5 3. Calculating other probabilities In this section we see how to calculate probabilities represented by areas other than those of the type shown in Figure 3. Case 1 Figure 4 illustrates what we do if both Z values are positive. By using the properties of the standard normal distribution we can organise matters so that any required area is always of standard form. Here the shaded region can be represented by the difference between two shaded areas 0 z 1 z 2 0 z 2 0 z 1 Figure 4 Example Find the probability that Z takes values bwteen 1 and 2. Using the table P (Z = z 2 ) i.e. P (Z = 2) is P (Z = z 1 ) i.e. P (Z = 1) is Hence P (1 <Z<2)= = (Remember that with a continuous distribution, P (Z = 1) is meaningless so that P (1 Z 2) is also Engineering Mathematics: Open Learning Unit Level 1

6 Case 2 The following diagram illustrates the procedure to be followed when finding probabilities of the form P (Z >z 1 ). This time the shaded area is the difference between the right-hand half of the total area and a tabulatedflarea. 0 z 1 area z 1 Figure 5 Example What is the probability that Z>2? P (0 <Z<2)= (from the table) Hence the probability is = Case 3 Here we consider the procedure to be followed when calculating probabilities of the form P (Z <z 1 ). Here the shaded area is the sum of the left-hand half of the total area and a standard area. 0 z 1 area z 1 Figure 6 Engineering Mathematics: Open Learning Unit Level 1 6

7 Example What is the probability that Z<2? P (Z >2) = = Case 4 Here we consider what needs to be done when calculating probabilities of the form P ( z 1 <Z<0) where z 1 is positive. This time we make use of the symmetry in the standard normal distribution curve. z 1 0 by symmetry this shaded area is equal in value to the one above. 0 z 1 Figure 7 Example What is the probability that 2 <Z<0? The area is equal to that corresponding to P (0 <Z<2) = Engineering Mathematics: Open Learning Unit Level 1

8 Case 5 Finally we consider probabilities of the form P ( z 2 <Z<z 1 ). Here we use the sum property and the symmetry property. z 1 0 z 2 0 z 1 0 z 2 Figure 8 Example What is the probability that 1 <Z<2? P ( 1 <Z<0) = P (0 <Z<1) = P (0 < Z < 2) = Hence the required probability, P ( 1 < Z < 2) is Other cases can be handed by a combination of the ideas already used. Now do this exercise Find the following probabilities. (i) P (0 <Z<1.5) (ii) P (Z >1.8) (iii) P (1.5 < Z < 1.8) (iv) P (Z < 1.8) (v) P ( 1.5 < Z < 0) (vi) P (Z < 1.5) (vii) P ( 1.8 < Z < 1.5) (viii) P ( 1.5 < Z < 1.8) (A simple sketch of the standard normal curve will help). Answer Engineering Mathematics: Open Learning Unit Level 1 8

9 4. Confidence Intervals We use probability models to make predictions in situations where there is not sufficient data available to make a definite statement. Any statement based on these models carries with it a risk of being proved incorrect by events. Notice that the normal probability curve extends to infinity in both directions. Theoretically any value of the normal random variable is possible, although, of course, values far from the mean position, zero, are very unlikely. Consider the diagram in Figure 9, 95% Figure 9 The shaded area is 95% of the total area. If we look at the entry in Table 1 corresponding to Z =1.96 we see the value This means that the probability of Z taking a value between 0 and 1.96 is By symmetry, the probability that Z takes a value between 1.96 and 0 is also Combining these results we see that P ( 1.96 < Z < 1.96)= 0.95or 95% We say that the 95% confidence interval for Z (about its mean of 0) is ( 1.96, 1.96). It follows that there is a 5% chance that Z lies outside this interval. Now do this exercise We wish to find the 99% confidence interval for Z about its mean, i.e. the value of z 1 in Figure 10 99% z 1 0 z 1 Figure 10 The shaded area is 99% of the total area. First, note that 99% corresponds to a probability of Find z 1 such that P (0 <Z<z 1 )= = Answer Now do this exercise Now quote the 99% confidence interval. Notice that the risk of Z lying outside this wider interval is reduced to 1%. Answer 9 Engineering Mathematics: Open Learning Unit Level 1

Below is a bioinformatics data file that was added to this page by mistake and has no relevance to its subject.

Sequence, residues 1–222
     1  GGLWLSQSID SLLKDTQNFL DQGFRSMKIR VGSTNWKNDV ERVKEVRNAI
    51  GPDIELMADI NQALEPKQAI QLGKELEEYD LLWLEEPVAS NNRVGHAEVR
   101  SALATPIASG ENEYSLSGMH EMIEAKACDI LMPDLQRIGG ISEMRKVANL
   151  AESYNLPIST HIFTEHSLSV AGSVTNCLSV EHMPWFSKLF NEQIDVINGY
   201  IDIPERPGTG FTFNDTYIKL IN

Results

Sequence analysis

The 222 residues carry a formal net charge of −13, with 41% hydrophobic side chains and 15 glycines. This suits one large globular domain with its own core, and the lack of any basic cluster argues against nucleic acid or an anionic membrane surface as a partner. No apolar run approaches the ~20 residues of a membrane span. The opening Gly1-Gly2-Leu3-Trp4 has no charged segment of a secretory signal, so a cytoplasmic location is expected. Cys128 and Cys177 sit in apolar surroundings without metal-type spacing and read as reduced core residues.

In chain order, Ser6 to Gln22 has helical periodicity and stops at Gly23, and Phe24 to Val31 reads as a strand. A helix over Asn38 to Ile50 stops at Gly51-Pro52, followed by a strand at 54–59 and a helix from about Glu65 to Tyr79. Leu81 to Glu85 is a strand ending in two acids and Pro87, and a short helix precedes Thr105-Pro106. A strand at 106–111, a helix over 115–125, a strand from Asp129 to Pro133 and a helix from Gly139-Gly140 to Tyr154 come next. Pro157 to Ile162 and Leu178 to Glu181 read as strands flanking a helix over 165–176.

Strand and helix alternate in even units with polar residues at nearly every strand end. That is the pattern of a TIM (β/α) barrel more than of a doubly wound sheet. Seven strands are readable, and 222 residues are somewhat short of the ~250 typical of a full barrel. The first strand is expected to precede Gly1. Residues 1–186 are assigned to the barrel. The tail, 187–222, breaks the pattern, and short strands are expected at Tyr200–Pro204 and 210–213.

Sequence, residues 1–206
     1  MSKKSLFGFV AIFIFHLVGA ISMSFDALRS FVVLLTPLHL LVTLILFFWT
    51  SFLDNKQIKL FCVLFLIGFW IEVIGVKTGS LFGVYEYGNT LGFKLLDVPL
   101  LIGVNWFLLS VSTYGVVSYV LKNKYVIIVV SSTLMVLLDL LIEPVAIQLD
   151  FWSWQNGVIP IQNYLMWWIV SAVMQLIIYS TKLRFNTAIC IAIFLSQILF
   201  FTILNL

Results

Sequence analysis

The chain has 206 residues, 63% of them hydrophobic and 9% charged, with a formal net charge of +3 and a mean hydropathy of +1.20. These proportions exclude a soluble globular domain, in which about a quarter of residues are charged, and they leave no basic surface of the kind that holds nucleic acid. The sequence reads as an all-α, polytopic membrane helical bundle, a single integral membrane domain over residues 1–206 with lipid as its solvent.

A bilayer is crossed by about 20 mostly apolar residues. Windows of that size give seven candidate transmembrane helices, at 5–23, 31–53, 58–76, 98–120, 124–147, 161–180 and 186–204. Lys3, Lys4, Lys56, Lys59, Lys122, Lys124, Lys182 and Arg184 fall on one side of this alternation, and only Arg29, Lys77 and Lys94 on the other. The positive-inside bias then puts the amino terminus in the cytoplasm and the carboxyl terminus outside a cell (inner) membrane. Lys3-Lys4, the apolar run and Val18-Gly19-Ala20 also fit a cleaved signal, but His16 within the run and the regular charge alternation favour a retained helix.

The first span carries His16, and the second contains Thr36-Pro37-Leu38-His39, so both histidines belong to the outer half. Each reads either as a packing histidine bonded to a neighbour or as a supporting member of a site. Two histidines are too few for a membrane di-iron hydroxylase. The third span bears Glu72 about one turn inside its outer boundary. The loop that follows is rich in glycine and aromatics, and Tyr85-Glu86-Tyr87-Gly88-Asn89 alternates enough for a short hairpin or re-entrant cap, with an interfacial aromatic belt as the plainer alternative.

10 Now do this exercise Find the value of Z (i) which is exceeded on 5% of occasions (ii) which is exceeded on 99% of occasions. Answer Engineering Mathematics: Open Learning Unit Level 1 10

11 The Normal Probability Integral Z= x µ σ Engineering Mathematics: Open Learning Unit Level 1

12 End of Block 21.2 Engineering Mathematics: Open Learning Unit Level 1 12

13 The transformation is Z = X when X = 1005,Z = 5 10 =0.5 when X = 1010, Z= =1. Hence Z lies between 0.5and 1. Back to the theory 13 Engineering Mathematics: Open Learning Unit Level 1

14 (i) The entry is 4772; the probability is (ii) The entry is 4803; the probability is (iii) The entry is 4901; the probability is (iv) The entry for 2.33 is 4901, that for 2.34 is Linear interpolation gives a value of ( ) i.e. about 4903; the probability is Back to the theory Engineering Mathematics: Open Learning Unit Level 1 14

15 (i) (direct from table) (ii) = (iii) P (0 <Z<1.8) P (0 <Z<1.5 )= = (iv) = (v) P ( 1.5 <Z<0) = P (0 <Z<1.5 )= (vi) P (Z < 1.5 )=P (Z >1.5 )= = (vii) P ( 1.8 <Z< 1.5 )=P (1.5 <Z<1.8) = (viii) P (0 <Z<1.5)+P (0 <Z<1.8)= Back to the theory 15 Engineering Mathematics: Open Learning Unit Level 1

16 We look for a table value of The nearest we get is 4949 and 4951 corresponding to Z =2.57 and Z =2.58 respectively. We choose Z =2.58 Back to the theory Engineering Mathematics: Open Learning Unit Level 1 16

17 ( 2.58, 2.58) or 2.58 <Z<2.58. Back to the theory 17 Engineering Mathematics: Open Learning Unit Level 1

18 (i) The value is z 1, where P (Z >z 1 )=0.05. Hence P (0 <Z<z 1 )= = 0.45This corresponds to a table entry of The nearest values are 4495 (Z =1.64) and 4505 (Z =1.65). (ii) Values less than z 1 occur on 1% of occasions. By symmetry values greater than ( z 1 ) occur on 1% of occasions so that P (0 <z< z 1 )=0.49. The nearest table corresponding to 4900 is 4901 (Z =2.33). Hence the required value is z 1 = Back to the theory Engineering Mathematics: Open Learning Unit Level 1 18